Big things can often fit into small packages, especially if those packages are tightly bound.
The concept of a specialized chiplet is as about as old as the microprocessor but due to more demands for ever more processing with power efficiency and high bandwidth the idea is being revived.
This reinvigoration of chiplets comes at a time when U.S. research arm DARPA is refreshing investment in novel architectures and approaches to processing growing data volumes. The agency’s Electronics Resurgence Initiative (ERI), is a five-year, $1.5 billion program to overcome Moore’s Law hurdles and develop new microelectronics that can fit into a wide range of government analytics and IT systems projects.
Chip giant Intel took part in the recent ERI Summit where industry and academia came together to sift through ideas for the post-Moore’s Law era of system design, including a discussion of how specialized chiplets might be the cure to some of DARPA’s woes.
The company’s director of FPGA portfolio marketing, Panch Chandrasekaran described a standard developed within the Altera group that joined Intel called the advanced interface bus (AIB) which is a die to die interconnect for connecting ever-more specialized chiplets to help organizations like DARPA quickly pull together systems based on the specialized functional building blocks.
The effort is also part of DARPA’s Common Heterogeneous Integration and Intellectual Property Reuse Strategies (CHIPS) program, which focuses on modular design and fabrication processes and the development of various, reusable IP blocks designed into physical chiplets. The goal is to create flexible systems from a catalogue of chiplets by using new and existing advanced package level integration technologies. Supporting the rapid assembly and reconfiguration of these various IP blocks, requires the establishment of standard methodologies, tools, and interfaces–both electronic and physical–that are then widely adopted by the supporting community.
Intel now provides the AIB interface license royalty-free to enable a broad ecosystem of chiplets, design methodologies or service providers, foundries, packaging, and system vendors.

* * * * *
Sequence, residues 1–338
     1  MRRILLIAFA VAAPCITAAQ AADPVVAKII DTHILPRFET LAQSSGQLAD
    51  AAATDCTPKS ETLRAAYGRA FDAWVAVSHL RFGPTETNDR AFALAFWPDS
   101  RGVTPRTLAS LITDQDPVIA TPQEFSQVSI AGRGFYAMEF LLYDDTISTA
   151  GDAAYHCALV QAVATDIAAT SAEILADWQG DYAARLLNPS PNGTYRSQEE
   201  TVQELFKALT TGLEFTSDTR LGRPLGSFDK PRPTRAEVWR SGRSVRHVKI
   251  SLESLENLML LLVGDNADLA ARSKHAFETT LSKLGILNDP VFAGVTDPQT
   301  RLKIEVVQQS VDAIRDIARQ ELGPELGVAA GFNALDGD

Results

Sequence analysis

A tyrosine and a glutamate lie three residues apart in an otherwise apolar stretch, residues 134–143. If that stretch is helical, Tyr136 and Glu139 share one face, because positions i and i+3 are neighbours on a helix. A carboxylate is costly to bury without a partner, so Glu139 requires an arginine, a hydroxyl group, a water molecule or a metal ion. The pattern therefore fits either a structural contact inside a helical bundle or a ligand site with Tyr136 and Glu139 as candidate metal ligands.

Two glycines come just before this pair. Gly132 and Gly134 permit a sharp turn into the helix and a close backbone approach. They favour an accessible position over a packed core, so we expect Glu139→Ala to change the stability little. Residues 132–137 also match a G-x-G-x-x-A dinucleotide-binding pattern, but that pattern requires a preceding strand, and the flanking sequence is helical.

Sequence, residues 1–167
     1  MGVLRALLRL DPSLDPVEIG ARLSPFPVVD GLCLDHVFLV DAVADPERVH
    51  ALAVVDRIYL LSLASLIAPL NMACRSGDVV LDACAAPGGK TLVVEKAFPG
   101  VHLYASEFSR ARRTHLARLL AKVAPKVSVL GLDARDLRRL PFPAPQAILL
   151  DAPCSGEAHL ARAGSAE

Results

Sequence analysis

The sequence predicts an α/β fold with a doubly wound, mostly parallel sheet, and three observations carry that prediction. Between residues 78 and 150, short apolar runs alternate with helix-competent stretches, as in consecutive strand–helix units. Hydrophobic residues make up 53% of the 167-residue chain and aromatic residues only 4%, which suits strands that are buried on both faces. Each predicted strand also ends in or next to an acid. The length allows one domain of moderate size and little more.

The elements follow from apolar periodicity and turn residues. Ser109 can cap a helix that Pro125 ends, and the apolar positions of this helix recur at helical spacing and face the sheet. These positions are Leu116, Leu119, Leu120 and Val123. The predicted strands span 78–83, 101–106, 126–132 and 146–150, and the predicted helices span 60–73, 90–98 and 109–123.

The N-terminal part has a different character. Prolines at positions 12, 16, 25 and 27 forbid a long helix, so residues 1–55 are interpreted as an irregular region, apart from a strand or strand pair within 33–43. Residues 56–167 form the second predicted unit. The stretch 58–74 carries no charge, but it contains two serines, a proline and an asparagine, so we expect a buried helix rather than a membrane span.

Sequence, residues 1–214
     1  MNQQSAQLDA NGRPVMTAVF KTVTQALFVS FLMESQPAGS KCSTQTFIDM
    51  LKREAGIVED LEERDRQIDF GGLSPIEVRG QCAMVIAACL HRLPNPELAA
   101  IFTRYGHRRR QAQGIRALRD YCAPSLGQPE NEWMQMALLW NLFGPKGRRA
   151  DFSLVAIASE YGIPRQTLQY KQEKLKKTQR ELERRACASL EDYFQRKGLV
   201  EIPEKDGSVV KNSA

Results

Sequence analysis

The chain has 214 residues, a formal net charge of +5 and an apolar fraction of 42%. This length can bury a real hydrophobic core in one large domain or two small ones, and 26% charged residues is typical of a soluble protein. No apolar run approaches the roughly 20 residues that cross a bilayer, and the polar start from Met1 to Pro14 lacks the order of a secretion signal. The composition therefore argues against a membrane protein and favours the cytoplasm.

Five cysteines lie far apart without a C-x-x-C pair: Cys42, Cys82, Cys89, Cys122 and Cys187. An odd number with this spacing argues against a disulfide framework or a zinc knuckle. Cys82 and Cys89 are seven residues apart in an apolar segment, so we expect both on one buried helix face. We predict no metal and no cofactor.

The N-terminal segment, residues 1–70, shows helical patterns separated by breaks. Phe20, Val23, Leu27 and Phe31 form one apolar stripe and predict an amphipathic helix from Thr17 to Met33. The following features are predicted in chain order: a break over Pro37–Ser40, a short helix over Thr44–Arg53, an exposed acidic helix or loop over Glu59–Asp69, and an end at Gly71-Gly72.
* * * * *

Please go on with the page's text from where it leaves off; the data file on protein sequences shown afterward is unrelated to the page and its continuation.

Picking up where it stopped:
“If you look at how systems are evolving, to develop anew ASIC for a specific purpose is extremely expensive with $50 million or more in development costs. This is difficult for DARPA if all they need are a few thousand components for whatever system they’re building,” Chandrasekaran explains.
“If you can build an ecosystem where it is possible to disaggregate functions into smaller building blocks it is easier to build a big library of chiplets with different functions that can be slapped together into a single package to form a system,” he adds. This is far more cost-effective, and he says with AIB, an energy efficient, open, and high bandwidth way to do so.
AIB has been used in Intel/Altera FPGAs including the Stratix 10 and could represent how Intel plans to handle die to die communications in its own forthcoming FPGA Xeon hybrid. This is also not limited to FPGAs; it can be used for chip to chip connectivity in a single package as long as the vendor supports the AIB.
An example where this might be useful for DARPA programs is in tying together a bunch of analog sensors to an ASIC or creating a system that has a machine learning analysis component for radio frequencies or radar data. There are several components in these types of systems from the analog front end, the machine learning implementation in hardware, a processor core, and some I/O blocks. Having all of these in the form of reusable chiplets that can be tied together using AIB makes sense since IP can be repurposed easily.
AIB requests for specifications can be accessed here.